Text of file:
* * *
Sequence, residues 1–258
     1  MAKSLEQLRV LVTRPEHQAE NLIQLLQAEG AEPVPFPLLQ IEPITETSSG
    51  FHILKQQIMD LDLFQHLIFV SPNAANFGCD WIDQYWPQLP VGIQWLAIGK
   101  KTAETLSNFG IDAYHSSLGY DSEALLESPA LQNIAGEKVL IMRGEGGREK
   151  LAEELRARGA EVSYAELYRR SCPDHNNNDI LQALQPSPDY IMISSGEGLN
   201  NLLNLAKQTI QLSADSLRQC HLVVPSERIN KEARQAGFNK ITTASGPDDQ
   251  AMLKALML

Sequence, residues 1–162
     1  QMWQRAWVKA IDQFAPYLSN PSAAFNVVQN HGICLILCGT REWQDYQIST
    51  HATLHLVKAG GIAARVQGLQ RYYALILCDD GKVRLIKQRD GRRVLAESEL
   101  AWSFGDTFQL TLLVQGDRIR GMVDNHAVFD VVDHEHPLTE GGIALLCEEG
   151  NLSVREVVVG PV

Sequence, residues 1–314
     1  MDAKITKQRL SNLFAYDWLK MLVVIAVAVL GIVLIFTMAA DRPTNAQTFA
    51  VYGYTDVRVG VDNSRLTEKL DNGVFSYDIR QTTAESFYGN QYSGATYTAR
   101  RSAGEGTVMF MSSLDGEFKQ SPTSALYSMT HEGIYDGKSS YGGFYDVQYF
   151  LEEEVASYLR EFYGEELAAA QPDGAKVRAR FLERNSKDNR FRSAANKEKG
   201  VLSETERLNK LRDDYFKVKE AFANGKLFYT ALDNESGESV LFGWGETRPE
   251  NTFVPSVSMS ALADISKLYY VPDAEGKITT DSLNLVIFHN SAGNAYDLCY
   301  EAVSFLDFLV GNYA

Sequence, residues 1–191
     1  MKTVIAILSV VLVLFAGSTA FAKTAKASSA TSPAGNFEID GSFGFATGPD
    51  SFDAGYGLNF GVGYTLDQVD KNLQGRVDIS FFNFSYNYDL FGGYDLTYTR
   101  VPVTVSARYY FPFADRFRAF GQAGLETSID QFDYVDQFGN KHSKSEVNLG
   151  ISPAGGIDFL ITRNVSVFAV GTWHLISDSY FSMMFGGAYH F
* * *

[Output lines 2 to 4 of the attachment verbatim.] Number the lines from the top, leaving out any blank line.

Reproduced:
     1  MAKSLEQLRV LVTRPEHQAE NLIQLLQAEG AEPVPFPLLQ IEPITETSSG
    51  FHILKQQIMD LDLFQHLIFV SPNAANFGCD WIDQYWPQLP VGIQWLAIGK
   101  KTAETLSNFG IDAYHSSLGY DSEALLESPA LQNIAGEKVL IMRGEGGREK